Saturday, June 9, 2012

Wildflower of the Week: A Mystery in Spurs

Spurred mystery plant
Last summer Mrs Home Bug Gardener and I, while walking a trail on our land that we had traipsed a hundred times before, encountered a plant that we'd never seen before. We had no idea what it might be, but it was very strange indeed: purplish, spurred, and square-stemmed with somewhat fleshy opposite leaves - more like a visitor from another planet, than a normal denizen of the Great North Woods.
Scrophulariaceae, not
Alas, none of our pretty picture books of Albertan flowers was of any use. So, it was off to the flora of last resort: EH Moss's completely picture-free Flora of Alberta. Alas and alack, it wouldn't key to family! Not a mint, not a snap-dragon (Scrophulariaceae - the family I thought most likely), not any of the families with 4 stamens and 4 petals! That left only leafing through each family and trying the generic keys - and final success on p. 455: Halenia deflexa (Sm.) Griseb., American Spurred Gentian.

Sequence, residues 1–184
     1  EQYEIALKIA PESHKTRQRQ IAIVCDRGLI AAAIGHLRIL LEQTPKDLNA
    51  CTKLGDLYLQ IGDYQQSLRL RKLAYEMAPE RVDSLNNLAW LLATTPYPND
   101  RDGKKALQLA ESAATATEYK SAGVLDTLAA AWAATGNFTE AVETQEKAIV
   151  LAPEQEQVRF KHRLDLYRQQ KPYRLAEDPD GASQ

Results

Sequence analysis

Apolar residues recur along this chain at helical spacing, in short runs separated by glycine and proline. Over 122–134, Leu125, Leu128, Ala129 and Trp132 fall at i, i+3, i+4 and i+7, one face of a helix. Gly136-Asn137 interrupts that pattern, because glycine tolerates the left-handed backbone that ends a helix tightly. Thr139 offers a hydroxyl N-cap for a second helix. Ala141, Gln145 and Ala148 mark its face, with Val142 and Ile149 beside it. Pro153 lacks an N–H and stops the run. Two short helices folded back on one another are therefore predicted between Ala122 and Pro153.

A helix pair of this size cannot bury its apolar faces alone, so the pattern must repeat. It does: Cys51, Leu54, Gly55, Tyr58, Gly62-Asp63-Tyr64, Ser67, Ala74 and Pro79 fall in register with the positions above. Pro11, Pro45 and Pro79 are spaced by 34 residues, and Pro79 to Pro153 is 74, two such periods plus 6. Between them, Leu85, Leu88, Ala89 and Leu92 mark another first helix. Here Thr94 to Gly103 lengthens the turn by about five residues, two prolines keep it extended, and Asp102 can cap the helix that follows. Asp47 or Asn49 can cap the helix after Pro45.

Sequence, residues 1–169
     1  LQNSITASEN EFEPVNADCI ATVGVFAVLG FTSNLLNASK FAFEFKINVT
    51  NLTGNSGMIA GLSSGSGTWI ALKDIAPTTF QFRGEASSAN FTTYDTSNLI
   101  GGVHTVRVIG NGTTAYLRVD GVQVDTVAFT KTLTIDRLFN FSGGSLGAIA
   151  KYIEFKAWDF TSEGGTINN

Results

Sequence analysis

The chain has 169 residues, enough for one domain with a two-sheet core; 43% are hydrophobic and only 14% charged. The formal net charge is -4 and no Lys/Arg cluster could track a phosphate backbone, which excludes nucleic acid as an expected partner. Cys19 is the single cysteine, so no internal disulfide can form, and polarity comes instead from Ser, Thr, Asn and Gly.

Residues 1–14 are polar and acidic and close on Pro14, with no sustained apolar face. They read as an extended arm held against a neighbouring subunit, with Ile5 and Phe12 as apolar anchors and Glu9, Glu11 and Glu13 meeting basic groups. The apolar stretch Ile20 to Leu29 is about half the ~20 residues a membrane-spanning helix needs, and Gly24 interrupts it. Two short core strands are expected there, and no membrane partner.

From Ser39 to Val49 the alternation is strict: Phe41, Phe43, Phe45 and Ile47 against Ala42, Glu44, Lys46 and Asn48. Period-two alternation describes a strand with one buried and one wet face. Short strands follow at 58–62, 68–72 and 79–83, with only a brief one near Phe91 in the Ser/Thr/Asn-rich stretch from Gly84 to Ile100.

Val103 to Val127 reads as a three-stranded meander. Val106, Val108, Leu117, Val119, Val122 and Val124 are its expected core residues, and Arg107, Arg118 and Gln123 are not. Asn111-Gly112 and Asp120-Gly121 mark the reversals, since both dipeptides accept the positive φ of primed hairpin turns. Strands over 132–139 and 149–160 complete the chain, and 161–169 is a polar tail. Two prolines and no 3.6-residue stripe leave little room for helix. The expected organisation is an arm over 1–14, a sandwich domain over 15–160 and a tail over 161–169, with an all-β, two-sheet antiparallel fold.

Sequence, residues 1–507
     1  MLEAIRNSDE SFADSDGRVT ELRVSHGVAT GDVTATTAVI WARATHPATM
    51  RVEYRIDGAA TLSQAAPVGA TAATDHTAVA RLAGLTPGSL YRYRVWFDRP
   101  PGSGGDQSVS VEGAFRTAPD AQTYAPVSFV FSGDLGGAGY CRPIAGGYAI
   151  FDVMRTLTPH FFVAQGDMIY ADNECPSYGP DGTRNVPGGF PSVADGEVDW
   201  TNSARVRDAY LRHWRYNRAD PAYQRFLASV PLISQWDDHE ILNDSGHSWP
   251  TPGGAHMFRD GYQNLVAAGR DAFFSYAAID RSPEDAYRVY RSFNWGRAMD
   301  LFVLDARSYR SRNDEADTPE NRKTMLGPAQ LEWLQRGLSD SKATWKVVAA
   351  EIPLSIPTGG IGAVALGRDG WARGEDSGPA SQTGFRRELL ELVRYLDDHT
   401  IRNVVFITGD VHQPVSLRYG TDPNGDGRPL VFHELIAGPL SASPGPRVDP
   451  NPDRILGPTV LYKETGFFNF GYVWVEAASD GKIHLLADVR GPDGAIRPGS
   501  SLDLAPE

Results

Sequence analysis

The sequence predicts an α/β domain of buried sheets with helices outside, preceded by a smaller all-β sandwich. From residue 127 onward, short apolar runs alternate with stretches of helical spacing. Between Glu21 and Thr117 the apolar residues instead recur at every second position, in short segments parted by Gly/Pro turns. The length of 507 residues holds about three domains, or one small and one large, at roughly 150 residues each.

American Spurred Gentian Halenia deflexa
Well, gentians aren't always 5-merous, a good thing to know, and finding a flaw in a key always makes me feel virtuously smug, but why spurs? Obviously there must be some interesting long-tongued pollinators coming to the spurs. So, off to the literature - for a frustrating round of fruitless research. Although there are 22 species of spurred gentians around the world, and one is considered an important medicinal plant (Tibetan Medicine - Halenia elliptica), and there are many papers published on the anti-oxidants the plants possess, their pollination ecology is a complete mystery!

KB von Hagen & JW Kadereit. 2003. The Diversification of Halenia (GENTIANACEAE): Ecological Opportunitey versus Key Innovation. Evolution 57(11): 2507–2518 

1 comment:

  1. What a beautiful little flower. I have never seen this in all my traipsing in the woods. You must be thrilled to have identified it. :)